Emmanuel Macron
French presidential election candidate for the En Marche! movement, Emmanuel Macron, says he is not gay Daniel Leal-Olivas/Getty Images

Emmanuel Macron, the favourite for the forthcoming French presidential race, has dismissed rumours that he is having a gay affair with a radio executive. The En Marche! candidate said the claims are "homophobic" and "misogynous".

The centre-leftist, 39, made the comments in an interview with French gay magazine Têtu. He had previously laughed off accusations that he is in a relationship with the chairman of Radio France, Mathieu Gallet.

The rumours are believed to have originated from Russian state media and have fuelled concerns that external agents are using "fake news" in an attempt to influence the French election. The Russians stand accused of employing similar tactics in the 2016 US presidential race.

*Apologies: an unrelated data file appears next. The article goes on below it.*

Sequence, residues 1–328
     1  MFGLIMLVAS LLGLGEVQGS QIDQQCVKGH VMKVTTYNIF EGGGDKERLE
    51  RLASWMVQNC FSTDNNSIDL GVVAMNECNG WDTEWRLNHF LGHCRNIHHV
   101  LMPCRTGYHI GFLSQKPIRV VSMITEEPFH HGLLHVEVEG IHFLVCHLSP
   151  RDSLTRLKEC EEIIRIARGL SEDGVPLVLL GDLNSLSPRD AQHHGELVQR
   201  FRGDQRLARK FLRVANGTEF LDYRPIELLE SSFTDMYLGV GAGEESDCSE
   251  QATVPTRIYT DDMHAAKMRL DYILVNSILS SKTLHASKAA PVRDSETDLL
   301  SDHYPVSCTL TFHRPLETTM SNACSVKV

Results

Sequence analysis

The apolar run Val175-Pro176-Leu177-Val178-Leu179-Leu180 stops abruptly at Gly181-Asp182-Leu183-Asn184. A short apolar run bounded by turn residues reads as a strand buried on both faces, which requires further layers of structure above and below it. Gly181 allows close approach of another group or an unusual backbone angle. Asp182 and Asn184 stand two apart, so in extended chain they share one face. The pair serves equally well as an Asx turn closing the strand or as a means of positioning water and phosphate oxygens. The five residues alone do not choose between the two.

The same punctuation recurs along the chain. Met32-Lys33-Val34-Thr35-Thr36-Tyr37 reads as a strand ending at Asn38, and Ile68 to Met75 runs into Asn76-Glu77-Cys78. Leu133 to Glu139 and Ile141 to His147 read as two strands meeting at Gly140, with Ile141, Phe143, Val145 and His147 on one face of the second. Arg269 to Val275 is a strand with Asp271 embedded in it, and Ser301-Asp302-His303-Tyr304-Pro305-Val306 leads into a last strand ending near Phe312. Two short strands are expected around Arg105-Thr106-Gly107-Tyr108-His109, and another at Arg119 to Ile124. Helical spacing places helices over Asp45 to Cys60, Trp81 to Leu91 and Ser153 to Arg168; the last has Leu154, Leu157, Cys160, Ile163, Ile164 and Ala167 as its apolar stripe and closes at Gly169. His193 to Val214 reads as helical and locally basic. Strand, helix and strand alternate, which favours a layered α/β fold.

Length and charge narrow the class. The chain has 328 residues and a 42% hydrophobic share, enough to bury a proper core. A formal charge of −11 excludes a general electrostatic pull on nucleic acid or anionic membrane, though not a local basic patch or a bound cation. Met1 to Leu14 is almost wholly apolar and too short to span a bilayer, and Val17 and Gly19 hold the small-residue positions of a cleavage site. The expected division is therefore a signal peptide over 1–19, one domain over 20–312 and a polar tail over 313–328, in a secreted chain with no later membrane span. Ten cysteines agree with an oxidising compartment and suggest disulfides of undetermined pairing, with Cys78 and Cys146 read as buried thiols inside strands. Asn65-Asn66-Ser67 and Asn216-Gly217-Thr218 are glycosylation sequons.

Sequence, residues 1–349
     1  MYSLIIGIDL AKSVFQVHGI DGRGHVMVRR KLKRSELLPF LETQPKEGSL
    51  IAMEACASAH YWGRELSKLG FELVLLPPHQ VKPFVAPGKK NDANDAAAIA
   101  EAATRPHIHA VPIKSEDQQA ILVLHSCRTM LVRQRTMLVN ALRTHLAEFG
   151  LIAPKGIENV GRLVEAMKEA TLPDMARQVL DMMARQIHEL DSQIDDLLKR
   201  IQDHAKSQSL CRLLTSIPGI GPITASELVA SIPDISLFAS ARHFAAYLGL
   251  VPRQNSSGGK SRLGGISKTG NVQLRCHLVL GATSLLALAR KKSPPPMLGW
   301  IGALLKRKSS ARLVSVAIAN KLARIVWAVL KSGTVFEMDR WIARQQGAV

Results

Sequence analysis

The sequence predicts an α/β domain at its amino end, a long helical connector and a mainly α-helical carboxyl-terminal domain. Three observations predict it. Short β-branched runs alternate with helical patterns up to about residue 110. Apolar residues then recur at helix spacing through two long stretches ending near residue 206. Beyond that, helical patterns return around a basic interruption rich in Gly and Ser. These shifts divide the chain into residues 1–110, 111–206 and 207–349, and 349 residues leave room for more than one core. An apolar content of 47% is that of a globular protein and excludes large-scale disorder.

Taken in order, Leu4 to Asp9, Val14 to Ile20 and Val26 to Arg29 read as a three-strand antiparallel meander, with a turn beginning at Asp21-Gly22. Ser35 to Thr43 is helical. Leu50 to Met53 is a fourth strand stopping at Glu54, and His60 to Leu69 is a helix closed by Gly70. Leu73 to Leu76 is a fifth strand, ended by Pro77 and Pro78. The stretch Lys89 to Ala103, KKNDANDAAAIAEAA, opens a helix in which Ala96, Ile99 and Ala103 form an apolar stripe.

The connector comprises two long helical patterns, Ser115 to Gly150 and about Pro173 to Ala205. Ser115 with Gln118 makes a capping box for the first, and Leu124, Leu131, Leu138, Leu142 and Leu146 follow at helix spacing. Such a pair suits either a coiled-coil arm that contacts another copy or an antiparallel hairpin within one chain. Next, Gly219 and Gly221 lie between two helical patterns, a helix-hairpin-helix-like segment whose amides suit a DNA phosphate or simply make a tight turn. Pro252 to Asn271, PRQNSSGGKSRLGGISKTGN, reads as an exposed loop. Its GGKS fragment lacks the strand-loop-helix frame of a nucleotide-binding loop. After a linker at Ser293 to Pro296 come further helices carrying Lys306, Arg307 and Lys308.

Macron is particularly enraged that the claims have been made against the background of his being married to an older woman. His wife, Brigitte Trogneux, 63, was once his high school teacher.

Macron told Têtu (according to The Quebec Times): "Two things are odious behind the implication: to say that it is not possible for a man living with an older woman to be anything other than a homosexual or a hidden gigolo is misogynous. And it's also homophobia. If I had been a homosexual, I would say it and I would live it."

The interview in Têtu also provided the third-way candidate to placate gay voters who are angry that he previously appeared to show sympathy for opponents of same-sex marriages. The issue of gay marriage remains highly charged in Catholic France.

Social conservatives are still hoping to repeal a 2013 law that allowed same-sex couples to marry and adopt children.

Macron is currently second behind National Front leader Marine Le Pen in the popular vote but would be expected to beat her in the all-important second after the other candidates have been eliminated.

Le Pen is expected to get around 25% of the first-round votes but is deemed unpalatable by large swathes of centre-left and right voters.